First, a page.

Globalist Takeaway: “The War on Terror: Where We Are, and How We Got There”

November 11, 2010 • Blogs, The World at Yale • Views: 904

by Emily Ullman:

The ongoing struggle that the War on Terror presents has proved to be a difficult and politically divisive. Ever since the attacks on September 11, 2001, the global War on Terror has defined the United States’ foreign and domestic policies. This ongoing war’s significance has made it a constant topic both in the news and in many different courses at Yale.

On Thursday afternoon, students had the opportunity to hear about the War on Terror from Michael Mukasey, Attorney General for the Bush Administration from November 2007 to January 2009. During Mukasey’s tenure as Attorney General he played a key role in controversial decisions, including the use of “enhanced interrogation techniques” and the legality of the Guantanamo Bay prison.

U.S. Attorney General Michael Mukasey, left, played a key role in President George Bush, Jr.'s, War on Terror (courtesy The Guardian)

Mukasey spoke mainly about the history of the War on Terror and used it as defense for the actions of the Bush administration. Emphasizing that “enhanced interrogation techniques” was an unfortunate misnomer, Mukasey explained that although the methods were harsh and coercive, they were lawful. He further described his belief that since waterboarding, which was only used on three prisoners — Khalid Sheikh Mohammed, Abu Zubaydah, and Abd al-Rahim al-Nashiri — causes neither physical nor psychological damage, it therefore cannot be considered torture.

Mukasey also spoke about the Obama administration’s actions relating to the War on Terror, criticizing its response to recent acts of attempted terrorism on United States soil, such as the attempted bombings of an airplane on Christmas 2009 and in Times Square in May 2010. In both situations, Mukasey argued that by treating the potential terrorists as defendants with Miranda rights instead of as intelligence assets, the administration missed crucial opportunities to find out important information. As a matter of national security, Mukasey believes that with potential terrorists the first priority should be to get information, then to worry about charging them. He also voiced concern over the fact that the Deputy Director of National Security, John C. Inglis, recently said that the current 20% rate of recidivism among Guantanamo Bay detainees is acceptable. Mukasey countered that this rate is frighteningly high and that given this rate, holding detainees indefinitely without charging them is the best course of action.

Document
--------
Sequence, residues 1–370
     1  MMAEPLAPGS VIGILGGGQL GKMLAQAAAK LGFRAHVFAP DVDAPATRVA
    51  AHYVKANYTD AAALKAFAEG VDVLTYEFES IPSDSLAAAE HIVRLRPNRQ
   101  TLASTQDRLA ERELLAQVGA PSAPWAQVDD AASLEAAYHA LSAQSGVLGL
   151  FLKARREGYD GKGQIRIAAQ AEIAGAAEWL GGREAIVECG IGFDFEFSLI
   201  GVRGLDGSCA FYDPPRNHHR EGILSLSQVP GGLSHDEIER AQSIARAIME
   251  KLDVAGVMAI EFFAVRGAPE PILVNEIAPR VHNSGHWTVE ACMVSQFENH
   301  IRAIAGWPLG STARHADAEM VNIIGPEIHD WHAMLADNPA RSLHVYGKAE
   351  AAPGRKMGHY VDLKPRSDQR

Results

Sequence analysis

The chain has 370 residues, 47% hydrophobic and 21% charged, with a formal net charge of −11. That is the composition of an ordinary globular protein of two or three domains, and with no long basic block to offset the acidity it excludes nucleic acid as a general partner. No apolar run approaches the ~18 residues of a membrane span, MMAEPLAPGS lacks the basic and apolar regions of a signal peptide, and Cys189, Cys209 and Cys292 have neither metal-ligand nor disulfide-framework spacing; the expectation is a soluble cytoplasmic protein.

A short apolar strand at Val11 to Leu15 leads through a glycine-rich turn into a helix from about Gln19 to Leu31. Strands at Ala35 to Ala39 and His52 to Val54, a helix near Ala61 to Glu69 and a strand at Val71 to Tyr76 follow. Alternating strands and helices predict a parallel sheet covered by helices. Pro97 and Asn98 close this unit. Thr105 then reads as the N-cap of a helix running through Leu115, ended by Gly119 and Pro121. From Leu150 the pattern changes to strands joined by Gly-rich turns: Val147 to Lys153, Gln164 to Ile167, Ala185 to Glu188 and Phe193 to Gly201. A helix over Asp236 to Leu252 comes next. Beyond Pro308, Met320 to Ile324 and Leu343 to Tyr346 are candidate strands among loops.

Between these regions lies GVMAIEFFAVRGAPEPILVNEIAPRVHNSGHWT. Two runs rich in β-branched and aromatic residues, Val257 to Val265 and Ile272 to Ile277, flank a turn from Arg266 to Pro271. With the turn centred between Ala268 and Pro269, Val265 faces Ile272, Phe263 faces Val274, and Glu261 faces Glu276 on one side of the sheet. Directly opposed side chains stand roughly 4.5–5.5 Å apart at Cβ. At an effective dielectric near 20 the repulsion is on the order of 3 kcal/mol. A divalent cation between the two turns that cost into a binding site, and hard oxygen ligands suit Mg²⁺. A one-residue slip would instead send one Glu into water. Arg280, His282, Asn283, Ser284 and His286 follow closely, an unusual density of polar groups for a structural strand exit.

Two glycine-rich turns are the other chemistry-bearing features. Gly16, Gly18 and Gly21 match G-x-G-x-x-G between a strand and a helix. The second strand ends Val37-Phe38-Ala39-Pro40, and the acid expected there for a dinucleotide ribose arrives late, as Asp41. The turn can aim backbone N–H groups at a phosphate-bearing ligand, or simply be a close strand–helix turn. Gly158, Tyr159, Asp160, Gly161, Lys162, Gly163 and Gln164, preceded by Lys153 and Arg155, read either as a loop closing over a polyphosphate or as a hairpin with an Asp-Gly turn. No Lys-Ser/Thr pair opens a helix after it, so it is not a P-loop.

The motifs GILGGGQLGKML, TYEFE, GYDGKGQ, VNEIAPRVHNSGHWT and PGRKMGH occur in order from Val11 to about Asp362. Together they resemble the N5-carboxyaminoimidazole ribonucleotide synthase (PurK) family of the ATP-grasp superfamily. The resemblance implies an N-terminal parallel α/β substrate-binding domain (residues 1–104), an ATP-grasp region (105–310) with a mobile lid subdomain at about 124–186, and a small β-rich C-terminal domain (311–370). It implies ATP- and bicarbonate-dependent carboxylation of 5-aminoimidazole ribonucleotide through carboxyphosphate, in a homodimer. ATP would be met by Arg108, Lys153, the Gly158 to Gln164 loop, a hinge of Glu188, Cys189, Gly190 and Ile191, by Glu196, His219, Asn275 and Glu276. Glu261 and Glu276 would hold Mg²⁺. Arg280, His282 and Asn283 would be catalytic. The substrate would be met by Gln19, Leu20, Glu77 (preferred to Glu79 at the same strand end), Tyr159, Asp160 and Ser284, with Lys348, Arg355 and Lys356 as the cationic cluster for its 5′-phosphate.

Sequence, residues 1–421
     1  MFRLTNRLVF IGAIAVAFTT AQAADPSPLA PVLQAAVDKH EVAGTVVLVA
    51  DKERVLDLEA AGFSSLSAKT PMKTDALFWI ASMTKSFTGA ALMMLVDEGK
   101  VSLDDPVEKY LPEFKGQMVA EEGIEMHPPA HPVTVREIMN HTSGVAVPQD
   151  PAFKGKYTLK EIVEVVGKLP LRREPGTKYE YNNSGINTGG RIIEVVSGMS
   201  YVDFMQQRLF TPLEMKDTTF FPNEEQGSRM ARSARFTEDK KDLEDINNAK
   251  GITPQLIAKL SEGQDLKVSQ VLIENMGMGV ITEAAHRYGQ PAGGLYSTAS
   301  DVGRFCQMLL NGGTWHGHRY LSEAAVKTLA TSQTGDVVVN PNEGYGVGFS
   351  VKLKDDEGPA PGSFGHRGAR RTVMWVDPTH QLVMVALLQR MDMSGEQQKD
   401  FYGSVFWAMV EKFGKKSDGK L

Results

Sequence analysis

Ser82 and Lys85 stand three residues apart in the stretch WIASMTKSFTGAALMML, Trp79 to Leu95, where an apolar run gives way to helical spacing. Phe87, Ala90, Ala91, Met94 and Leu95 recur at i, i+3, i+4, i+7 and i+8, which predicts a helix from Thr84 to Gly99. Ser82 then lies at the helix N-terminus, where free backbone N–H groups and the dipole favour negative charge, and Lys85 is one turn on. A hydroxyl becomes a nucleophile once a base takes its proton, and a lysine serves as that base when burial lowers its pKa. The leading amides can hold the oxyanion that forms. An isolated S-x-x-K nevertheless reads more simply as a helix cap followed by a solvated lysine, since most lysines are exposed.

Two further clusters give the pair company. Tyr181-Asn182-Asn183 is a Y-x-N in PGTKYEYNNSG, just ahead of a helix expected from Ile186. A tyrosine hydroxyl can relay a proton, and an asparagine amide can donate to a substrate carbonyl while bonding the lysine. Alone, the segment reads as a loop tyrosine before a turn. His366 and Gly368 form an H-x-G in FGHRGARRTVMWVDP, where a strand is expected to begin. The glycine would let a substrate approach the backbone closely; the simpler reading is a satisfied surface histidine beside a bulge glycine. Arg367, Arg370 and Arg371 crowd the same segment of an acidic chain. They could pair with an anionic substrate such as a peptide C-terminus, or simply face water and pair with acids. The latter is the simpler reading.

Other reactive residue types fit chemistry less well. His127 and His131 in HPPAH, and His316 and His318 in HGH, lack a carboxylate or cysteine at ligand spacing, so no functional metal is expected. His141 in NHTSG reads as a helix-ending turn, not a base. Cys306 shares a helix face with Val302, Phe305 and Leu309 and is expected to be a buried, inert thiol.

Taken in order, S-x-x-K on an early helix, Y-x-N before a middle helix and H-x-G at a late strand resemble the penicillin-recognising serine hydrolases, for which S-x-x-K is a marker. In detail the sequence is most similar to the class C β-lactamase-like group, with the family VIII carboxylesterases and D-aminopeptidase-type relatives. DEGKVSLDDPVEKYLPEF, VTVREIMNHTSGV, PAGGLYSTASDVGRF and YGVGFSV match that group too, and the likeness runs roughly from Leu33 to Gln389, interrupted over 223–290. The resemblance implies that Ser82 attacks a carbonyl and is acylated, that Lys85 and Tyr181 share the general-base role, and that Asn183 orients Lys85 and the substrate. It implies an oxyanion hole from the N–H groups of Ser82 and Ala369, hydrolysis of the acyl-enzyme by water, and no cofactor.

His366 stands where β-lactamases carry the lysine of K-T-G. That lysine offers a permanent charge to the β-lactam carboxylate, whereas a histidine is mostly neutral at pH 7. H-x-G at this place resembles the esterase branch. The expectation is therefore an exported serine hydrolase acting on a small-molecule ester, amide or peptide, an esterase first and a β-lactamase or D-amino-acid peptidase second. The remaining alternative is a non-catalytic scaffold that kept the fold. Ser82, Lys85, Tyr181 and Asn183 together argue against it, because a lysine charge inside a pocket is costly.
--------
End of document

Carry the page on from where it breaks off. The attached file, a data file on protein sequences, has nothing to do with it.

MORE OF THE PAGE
Mukasey briefly described the idea of victory in the War on Terror, stating that for this to happen the United States must recognize and understand the fundamentalist Islamic ideology and all that it represents. Ultimately, he explained, success will only come from protecting Americans and supporting Muslims abroad who want to reform and combat violent radicalism.

Emily Ullmann ’14 is a freshman in Timothy Dwight College. You can contact her at emily.ullmann@yale.edu.

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